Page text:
Sharon Turner has been an educator for the last 16 years both in the public and private sector and is currently an English for Academic Purposes teacher, researcher, learner and conference organizer at Sabanci University in Turkey. She is especially interested in, literacy, educational technologies, English for maths and science and learner-teacher roles in the learning, education environment.
In her spare time she has been organizing modern dance concerts and taking part in voluntary organizations. She especially loves reading and learning about physics, cosmology, mathematics, languages and art.
Areas of Expertise
Language Teaching, Children & Creativity, teacher training, Social Media, Project management/coordination, Research-Education
An idea worth spreading
is understanding the importance of silence. While living in Japan, I learnt an extremely valuable and sometimes excruciating lesson of listening to the silence. When I first heard about the importance of silence in Japanese culture I had no idea of what it meant, but as time went on I discovered that silence had many different shades, tones and feelings; that it was possible to communicate in the silent space. Imagine if we took time to be silent in the presence of others before we spoke and to listen to the silence, I wonder how much more wisely we would speak, how much more we would actually listen to what others are saying and how much more easily we would reach common understanding. Imagine how people could move forward together side by side and what endless possibilities they could create.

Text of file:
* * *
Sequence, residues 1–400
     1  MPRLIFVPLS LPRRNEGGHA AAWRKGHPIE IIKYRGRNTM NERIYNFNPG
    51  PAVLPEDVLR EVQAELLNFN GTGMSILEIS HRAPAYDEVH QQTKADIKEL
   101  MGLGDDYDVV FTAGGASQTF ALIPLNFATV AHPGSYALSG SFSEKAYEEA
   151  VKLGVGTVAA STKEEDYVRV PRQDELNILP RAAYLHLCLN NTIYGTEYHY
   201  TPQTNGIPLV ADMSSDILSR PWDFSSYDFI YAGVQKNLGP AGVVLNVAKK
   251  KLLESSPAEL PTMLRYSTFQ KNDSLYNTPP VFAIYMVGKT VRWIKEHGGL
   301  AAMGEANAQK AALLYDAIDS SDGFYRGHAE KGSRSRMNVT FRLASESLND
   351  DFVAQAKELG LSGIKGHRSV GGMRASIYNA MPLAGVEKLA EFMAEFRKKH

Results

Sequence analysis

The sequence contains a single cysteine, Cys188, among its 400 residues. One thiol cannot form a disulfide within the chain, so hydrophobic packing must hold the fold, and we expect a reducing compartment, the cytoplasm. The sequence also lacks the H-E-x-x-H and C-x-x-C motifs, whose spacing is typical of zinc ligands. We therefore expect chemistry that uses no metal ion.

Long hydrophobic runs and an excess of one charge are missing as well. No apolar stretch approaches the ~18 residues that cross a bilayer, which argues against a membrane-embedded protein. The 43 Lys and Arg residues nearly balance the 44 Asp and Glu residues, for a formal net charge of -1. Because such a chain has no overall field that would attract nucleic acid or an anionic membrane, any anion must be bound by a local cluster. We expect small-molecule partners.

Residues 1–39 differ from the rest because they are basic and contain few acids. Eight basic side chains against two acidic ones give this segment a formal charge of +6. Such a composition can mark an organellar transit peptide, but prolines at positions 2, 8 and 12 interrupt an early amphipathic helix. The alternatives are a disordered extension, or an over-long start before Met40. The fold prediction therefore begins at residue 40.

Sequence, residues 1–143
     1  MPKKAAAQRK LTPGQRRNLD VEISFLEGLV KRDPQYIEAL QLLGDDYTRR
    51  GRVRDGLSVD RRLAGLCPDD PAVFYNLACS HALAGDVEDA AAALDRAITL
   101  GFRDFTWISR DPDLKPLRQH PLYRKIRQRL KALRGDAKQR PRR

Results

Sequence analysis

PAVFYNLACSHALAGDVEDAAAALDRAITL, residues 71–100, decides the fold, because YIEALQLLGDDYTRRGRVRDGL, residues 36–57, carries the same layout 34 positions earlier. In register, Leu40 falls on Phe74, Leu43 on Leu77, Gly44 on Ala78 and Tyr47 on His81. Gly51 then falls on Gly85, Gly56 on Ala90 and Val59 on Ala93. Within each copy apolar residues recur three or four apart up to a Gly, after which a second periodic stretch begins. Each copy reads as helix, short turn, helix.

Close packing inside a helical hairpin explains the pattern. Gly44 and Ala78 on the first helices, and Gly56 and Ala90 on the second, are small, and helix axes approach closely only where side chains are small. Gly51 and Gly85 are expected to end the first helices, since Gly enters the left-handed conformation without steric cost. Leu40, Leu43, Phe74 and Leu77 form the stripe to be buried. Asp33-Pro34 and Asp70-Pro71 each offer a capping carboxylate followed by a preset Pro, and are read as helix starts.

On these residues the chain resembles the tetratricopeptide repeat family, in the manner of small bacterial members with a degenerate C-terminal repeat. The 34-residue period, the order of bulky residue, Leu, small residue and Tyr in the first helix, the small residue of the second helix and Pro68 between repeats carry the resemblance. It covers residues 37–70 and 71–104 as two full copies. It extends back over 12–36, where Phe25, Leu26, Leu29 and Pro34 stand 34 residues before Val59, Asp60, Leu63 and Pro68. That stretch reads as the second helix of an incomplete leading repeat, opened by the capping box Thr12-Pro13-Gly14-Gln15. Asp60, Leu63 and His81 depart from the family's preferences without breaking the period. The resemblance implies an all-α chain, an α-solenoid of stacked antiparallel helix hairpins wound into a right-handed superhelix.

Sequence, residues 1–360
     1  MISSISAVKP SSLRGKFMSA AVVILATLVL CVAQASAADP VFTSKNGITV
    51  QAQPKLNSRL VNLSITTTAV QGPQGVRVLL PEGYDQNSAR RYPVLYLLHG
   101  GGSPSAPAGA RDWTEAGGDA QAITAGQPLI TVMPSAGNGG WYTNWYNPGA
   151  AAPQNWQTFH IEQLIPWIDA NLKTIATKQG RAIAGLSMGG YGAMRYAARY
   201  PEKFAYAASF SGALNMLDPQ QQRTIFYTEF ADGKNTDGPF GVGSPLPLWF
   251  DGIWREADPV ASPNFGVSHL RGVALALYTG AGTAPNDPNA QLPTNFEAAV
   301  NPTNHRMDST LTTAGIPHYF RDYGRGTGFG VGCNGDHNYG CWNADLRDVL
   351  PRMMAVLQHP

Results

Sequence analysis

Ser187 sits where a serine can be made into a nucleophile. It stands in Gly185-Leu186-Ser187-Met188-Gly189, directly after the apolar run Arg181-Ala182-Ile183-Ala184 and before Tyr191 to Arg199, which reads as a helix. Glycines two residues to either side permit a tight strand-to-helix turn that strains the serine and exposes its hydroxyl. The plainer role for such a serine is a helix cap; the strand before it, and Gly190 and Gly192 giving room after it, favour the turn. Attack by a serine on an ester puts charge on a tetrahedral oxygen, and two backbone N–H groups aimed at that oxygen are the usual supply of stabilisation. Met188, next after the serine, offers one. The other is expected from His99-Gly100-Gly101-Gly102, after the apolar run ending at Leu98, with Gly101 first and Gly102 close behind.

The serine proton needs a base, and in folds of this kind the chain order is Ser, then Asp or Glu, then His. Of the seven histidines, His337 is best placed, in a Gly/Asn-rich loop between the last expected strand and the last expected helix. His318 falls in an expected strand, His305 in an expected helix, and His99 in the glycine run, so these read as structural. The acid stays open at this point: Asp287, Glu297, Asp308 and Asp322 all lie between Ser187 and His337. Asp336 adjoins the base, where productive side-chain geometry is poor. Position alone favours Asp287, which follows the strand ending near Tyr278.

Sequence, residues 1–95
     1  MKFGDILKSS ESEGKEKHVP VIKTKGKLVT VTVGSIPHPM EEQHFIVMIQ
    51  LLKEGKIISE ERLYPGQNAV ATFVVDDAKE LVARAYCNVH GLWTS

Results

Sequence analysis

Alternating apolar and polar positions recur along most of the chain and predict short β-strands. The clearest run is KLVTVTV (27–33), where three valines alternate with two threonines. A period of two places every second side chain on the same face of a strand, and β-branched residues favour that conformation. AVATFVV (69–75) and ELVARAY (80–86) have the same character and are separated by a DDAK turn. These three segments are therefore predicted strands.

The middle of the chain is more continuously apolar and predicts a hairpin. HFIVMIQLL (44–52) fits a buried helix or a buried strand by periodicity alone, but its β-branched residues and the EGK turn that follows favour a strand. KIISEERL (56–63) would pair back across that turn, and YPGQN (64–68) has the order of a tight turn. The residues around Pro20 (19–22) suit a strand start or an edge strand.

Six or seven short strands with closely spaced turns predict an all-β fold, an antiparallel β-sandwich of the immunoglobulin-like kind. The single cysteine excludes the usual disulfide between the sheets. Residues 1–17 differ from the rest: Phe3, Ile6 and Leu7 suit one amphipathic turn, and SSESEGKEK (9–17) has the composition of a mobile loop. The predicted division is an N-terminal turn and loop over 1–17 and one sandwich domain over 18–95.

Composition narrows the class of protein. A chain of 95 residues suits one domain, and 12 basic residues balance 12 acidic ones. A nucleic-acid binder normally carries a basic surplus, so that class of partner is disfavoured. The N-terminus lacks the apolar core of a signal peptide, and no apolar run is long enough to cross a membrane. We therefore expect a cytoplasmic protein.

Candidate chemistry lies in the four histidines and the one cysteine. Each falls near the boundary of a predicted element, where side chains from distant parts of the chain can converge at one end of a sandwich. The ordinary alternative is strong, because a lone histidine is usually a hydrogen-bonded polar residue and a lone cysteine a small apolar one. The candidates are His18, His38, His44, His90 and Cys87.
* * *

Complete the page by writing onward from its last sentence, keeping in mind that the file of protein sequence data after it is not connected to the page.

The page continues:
I'm passionate about
people from all walks of life, art, physics, cosmology, languages, travel, books and ideas.
Talk to me about
anything and everything.
People don't know I'm good at
creating and designing games for children as well as being able to mentally project images outside of my head in 3D.
My TED story
One day a learner walked into my classroom in Turkey and said "Sharon' I know you like science and technology could we watch a clip at the end of the lesson in English. I think the other students would like it". Well what he went on to show the class was my all time favourite TED Talk: Pattie Maes and Pranav Mistry demo Sixth Sense. I was blown away and so were the other people in the room. I went back to my office and started watching loads and loads of TED Talks. I have never looked back. With every new class I meet I make sure that I incorporate as many TED Talks into my lesson content to inspire learners to think, explore, experiment and create.